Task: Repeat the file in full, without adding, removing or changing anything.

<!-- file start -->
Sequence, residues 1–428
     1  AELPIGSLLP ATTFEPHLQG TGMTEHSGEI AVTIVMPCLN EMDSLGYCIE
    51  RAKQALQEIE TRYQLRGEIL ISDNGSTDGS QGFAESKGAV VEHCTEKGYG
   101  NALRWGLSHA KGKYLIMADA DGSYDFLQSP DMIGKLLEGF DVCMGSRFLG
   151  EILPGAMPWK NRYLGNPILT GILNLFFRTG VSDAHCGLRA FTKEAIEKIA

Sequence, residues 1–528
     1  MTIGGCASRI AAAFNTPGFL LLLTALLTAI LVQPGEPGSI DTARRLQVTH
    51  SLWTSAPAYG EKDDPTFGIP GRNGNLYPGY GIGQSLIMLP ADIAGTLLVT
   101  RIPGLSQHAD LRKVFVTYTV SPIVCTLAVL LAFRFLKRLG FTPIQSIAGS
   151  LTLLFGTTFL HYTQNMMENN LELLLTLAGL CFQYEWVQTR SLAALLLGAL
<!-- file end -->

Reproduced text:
Sequence, residues 1–428
     1  AELPIGSLLP ATTFEPHLQG TGMTEHSGEI AVTIVMPCLN EMDSLGYCIE
    51  RAKQALQEIE TRYQLRGEIL ISDNGSTDGS QGFAESKGAV VEHCTEKGYG
   101  NALRWGLSHA KGKYLIMADA DGSYDFLQSP DMIGKLLEGF DVCMGSRFLG
   151  EILPGAMPWK NRYLGNPILT GILNLFFRTG VSDAHCGLRA FTKEAIEKIA

Sequence, residues 1–528
     1  MTIGGCASRI AAAFNTPGFL LLLTALLTAI LVQPGEPGSI DTARRLQVTH
    51  SLWTSAPAYG EKDDPTFGIP GRNGNLYPGY GIGQSLIMLP ADIAGTLLVT
   101  RIPGLSQHAD LRKVFVTYTV SPIVCTLAVL LAFRFLKRLG FTPIQSIAGS
   151  LTLLFGTTFL HYTQNMMENN LELLLTLAGL CFQYEWVQTR SLAALLLGAL